Second article:

    Even in 1907, Saskatchewan Drive was an exclusive address, and it was where Strathcona’s elite chose to locate their homes. John Joseph Duggan was one of those. Duggan was joined by such neighbours as John Gainer, proprietor of Gainer Meats and the Gainer Block; J. Douglas of Douglas Brothers and the Douglas Block; and R.R. Buchanan, manager of the Bank of Commerce. John Duggan arrived in Strathcona on one of the first trains in 1891, and quickly set to work building his fortune. He managed the town’s first lumber yard, established its first rail yard, speculated in real estate and ran several firms. The house he built in 1907 cost $8,000, which was a substantial amount of money at the time. He chose a Queen Anne styled design, and its restrained classical detailing is evident in the wooden front porch with Doric columns that support a verandah roof and balcony, and quoins and keystones in the two round attic storey windows. A tall, hipped roof with two projecting gables completes the front facade. Duggan was elected as mayor of Strathcona in 1902 and 1903, and from 1908 to 1910. He lived in the Saskatchewan Drive residence until 1931. During World War II it was converted to a duplex, and was restored to its original condition in 1978 by the Alberta Association of Architects. In 1982, the J.J. Duggan Residence was designated a Provincial Historic Resource.

    From the Book "Alberta its Past and Present":

    JOHN JOSEPH DUGGAN.

    On the second train which entered Strathcona John Joseph Duggan was a passenger. He found here a straggling frontier village and the young man himself had but little of this world's goods. Today he occupies a beautiful home on Saskatchewan avenue, overlooking the river and commanding a fine view of the parliament building in Edmonton, this residence being a visible evidence of the prosperity that has come to him with the passing years, through the exercise of his efforts and business
    ability, making him one of the foremost representatives for agricultural and business life in this section. Other lines of industry have claimed his attention from time to time but his interest has always centered in the farm.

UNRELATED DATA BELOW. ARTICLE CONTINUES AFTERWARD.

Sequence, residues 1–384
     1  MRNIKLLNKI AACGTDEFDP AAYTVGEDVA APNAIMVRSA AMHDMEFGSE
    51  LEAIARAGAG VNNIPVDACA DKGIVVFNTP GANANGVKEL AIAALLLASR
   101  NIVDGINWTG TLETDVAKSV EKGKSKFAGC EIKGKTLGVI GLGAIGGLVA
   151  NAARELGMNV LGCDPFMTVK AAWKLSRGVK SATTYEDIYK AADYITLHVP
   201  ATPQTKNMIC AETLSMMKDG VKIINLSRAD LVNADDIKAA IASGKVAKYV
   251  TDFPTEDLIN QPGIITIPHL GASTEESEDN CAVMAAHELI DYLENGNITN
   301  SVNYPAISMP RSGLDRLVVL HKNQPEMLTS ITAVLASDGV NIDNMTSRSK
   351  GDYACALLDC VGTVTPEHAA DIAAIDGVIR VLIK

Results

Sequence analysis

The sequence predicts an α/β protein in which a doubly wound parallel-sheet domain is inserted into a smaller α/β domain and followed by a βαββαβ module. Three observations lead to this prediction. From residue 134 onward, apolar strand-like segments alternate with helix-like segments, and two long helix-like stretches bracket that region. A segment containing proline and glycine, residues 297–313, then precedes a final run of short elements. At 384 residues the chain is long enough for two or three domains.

John Joseph Duggan was born in Victoria district, Ontario, in 1868, and at the usual age became a public school pupil, thus continuing his education to the age of eighteen. When a young man of twenty-three he sought the opportunities of the growing west and from Calgary traveled north over the new railroad, arriving in South Edmonton, now Strathcona, in 1891. He made his initial business venture here as a lumber dealer, establishing a yard which he conducted with profit for seven years and then sold. In the meantime he had opened an agricultural implement house and carried on both lines of business for a time, continuing to deal in farm implements for twelve years. This naturally brought him into close contact with the residents of the rural districts and throughout his life he has been interested in agriculture and an advocate of progressive and scientific farming. For many years he has been widely known as a dealer in live stock and is still active in that branch of the business. His judgment is almost infallible as to the value of stock and he has always believed in improving these and adding to the value of animals through their productive work. He has acquired land holdings, having now three hundred and twenty acres of valuable farm property near Edmonton and another place of a thousand acres situated elsewhere, on which he engages in farming and stock raising. His entire record as a farmer has been marked by progress and by successful achievement. It has long been his ambition to own a model farm and he has worked constantly in that direction, while his fine properties with their many excellent improvements in the way of buildings, their highly cultivated fields and splendid farm animals, seem to indicate that he is fast reaching his goal. He has done much to stimulate an interest in progressive agriculture in this region, as his influence has been widely felt. He also owns considerable real estate in Strathcona, including improved property on several of the leading thoroughfares of the city, and is likewise the owner of the Duggan block on Whyte avenue. Mr. Duggan married Miss Belle McDonald of Glengarry district, Ontario, and they have two sons: Cornelius James and John Edward. The family has long been popular in the social circles of the city, and in connection with public activities Mr. Duggan is also well known. His loyalty to the general welfare brought to him the office of city councilman in 1899, so that he served as a member of the first city council for two years. In 1902 and 1903 he was elected to the office of mayor, and was made mayor by acclamation in 1908, 1909 and 1910. No higher testimonial of the efficiency of his service nor of the confidence reposed in him by the public could be given than this. He set himself resolutely to work to solve municipal problems and bring about improvement and progress in every line of city activity. He was the chief executive of Strathcona at the time the high level bridge across the Saskatchewan was built by the Canadian Pacific with the assistance of the Dominion government, the province of Alberta and the cities of Edmonton and Strathcona, at a cost of a million and a half dollars, this enterprise being one of the monumental features of the two cities. It was also while Mr. Duggan occupied the mayoralty chair that the high bridge across Mill creek was built, at a cost of forty thousand dollars, and during his terms of office the first street paving was instituted, while as mayor he saw the erection of all the administration buildings of the city. No one has been more thoroughly devoted to the welfare and upbuilding of Strathcona than J. J. Duggan, and his labors have at all times been far-reaching and resultant. His ideals are high but his plans are practical and he never stops short of the successful accomplishment of his pui-poses. He has labored just as earnestly and just as effectively to promote the public welfare as he has to advance his individual business interests, and his name is therefore in separably interwoven with the history of Strathcona and this part of the province.